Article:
Inspired by the very real social phenomenon of Choreomania – a ‘dancing plague’ which beset medieval Europe, and caused its victims to dance themselves to injury or death – Florence + the Machine’s fifth album, ‘Dance Fever’, gives us the band’s most mature sound to date, and Florence Welch’s most personal reflection. Amelia Gibbs reviews.
For an album entitled ‘Dance Fever,’ which conjures images of glitter balls and disco lights, I was surprised by the generally rich and mellow sound of the majority of the tracks. With each album released, Welch and her band appear to move further away from the pop-infused feel of their debut album, ‘Lungs,’ which had an easy and accessible folk sound, and produced chart toppers and club remixes aplenty. With each new release, the music becomes a little more intricate in production, and a little more introspective in theme.
With ‘Dance Fever’, we are treated to a much more confident and mature sound, which feels like a natural growth from the band’s previous album, ‘High as Hope,’ and miles away from some of their earlier releases.
The song is somewhat a breath of fresh air in what is otherwise a rather uniform record
My Love is probably what would most likely pass for an actual dance track here. Whilst the song alone is energising, as a part of the album, it breaks away from the homogeneity of the record, and its presence between the heavy, cinematic feel of Daffodil, and almost Tom Waits-ian rawness of Restraint, is nothing short of jarring. Still, the song is somewhat a breath of fresh air in what is otherwise a rather uniform record.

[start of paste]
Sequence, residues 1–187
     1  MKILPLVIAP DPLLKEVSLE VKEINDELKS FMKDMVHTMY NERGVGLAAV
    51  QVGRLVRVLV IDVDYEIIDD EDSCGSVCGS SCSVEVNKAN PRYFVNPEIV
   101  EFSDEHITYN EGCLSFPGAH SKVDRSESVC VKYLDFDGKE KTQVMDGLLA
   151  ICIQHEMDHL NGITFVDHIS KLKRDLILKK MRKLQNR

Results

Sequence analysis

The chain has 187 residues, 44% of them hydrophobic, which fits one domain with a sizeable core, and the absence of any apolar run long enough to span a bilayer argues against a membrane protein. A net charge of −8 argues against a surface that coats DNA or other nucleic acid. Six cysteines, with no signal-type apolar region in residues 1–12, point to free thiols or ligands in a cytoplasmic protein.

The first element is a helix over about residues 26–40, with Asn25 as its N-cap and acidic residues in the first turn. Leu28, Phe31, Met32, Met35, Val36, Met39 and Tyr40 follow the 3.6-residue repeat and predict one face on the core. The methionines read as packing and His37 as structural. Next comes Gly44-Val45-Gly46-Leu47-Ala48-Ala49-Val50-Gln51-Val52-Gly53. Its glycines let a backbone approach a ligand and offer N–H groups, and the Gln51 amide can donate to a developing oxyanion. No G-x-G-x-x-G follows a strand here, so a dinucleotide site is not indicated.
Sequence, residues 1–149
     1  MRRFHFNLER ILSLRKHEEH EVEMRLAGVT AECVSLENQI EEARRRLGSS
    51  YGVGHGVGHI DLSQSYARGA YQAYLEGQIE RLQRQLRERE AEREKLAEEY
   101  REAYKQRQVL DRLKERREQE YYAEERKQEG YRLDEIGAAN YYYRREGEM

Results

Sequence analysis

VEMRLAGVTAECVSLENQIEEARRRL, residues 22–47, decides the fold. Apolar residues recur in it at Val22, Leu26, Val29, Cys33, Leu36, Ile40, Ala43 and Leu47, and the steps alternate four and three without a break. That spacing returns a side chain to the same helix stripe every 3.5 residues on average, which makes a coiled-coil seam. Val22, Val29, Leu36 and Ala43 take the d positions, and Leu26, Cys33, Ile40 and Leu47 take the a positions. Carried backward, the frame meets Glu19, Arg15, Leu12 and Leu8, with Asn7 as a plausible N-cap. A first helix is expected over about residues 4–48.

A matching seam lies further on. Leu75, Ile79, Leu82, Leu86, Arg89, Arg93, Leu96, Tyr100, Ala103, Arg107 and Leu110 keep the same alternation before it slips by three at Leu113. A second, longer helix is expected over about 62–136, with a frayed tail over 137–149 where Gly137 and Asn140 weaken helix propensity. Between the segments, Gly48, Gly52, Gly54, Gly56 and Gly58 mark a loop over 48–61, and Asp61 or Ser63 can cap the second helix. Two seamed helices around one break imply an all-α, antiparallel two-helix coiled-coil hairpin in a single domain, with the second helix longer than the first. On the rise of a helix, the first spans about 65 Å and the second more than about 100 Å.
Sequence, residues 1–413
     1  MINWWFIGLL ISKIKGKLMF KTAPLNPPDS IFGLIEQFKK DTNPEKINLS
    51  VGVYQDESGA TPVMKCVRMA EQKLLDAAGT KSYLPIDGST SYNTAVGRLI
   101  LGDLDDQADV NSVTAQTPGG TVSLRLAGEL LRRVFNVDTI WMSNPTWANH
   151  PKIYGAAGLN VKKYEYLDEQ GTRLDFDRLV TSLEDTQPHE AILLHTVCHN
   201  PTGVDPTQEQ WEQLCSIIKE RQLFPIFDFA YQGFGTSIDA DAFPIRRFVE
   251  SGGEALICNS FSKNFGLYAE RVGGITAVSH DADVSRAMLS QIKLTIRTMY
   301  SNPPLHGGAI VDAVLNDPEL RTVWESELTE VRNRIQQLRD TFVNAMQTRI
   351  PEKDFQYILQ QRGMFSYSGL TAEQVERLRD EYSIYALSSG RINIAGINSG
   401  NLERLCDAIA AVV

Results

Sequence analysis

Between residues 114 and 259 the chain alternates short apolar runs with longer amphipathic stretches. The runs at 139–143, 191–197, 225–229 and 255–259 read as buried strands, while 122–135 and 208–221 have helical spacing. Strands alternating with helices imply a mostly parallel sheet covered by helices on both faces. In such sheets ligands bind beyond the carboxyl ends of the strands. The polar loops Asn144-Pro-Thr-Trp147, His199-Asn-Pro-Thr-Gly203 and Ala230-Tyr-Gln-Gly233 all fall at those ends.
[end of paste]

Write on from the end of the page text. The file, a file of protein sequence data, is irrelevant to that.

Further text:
The theming and production give ‘Dance Fever’ a sound that is distinct from other Florence + the Machine albums, but perhaps does not allow the individual tracks enough distinction from one another, meaning that some songs struggle to stand out, while others blend into each other, particularly on the first listen.
That’s not to say that there are no stand-outs at all, though. Free is perhaps the most jovial track on the album, allowing it to remain individual from the rest of its cohort for its buoyant instrumentation and memorable hook. Jack Antonoff has some producer credits here, and his influence on this song in particular, once noticed, shines through.
This is also one of the most lyrically compelling songs that the band has released to date, considering the rapid ups and downs of life and whether it’s okay to give in to the intense emotions that bombard you – “a feeling comes so fast and I cannot control it. I’m on fire, but I’m trying not to show it.” Dream Girl Evil also stands out for its dramatic sound, which harkens back to classic-rock, and must surely be impressive to hear live in an arena.
A master storyteller with her music
There’s no doubt that Welch is by far one of the most impressive vocalists in the British music scene at the moment. She masterfully uses her mature voice as her most prominent instrument, rarely allowing production to overshadow her, and proving her range by layering harmonies in most tracks, to build a sound that is full and deep. Welch has always been a master storyteller with her music, though now more than ever her focus is undoubtedly on her lyrics and narrative.
Reflecting on the band’s fifteen-year career, Florence + the Machine uses ‘Dance Fever’ thoughtfully, to contemplate such grand topics as life, music, and femininity, through a permutation of lyricism and spoken word, giving us perhaps their most personal album to date.
Featured image courtesy of Alex Watkin. Permission to use granted to Impact. No changes were made to this image.
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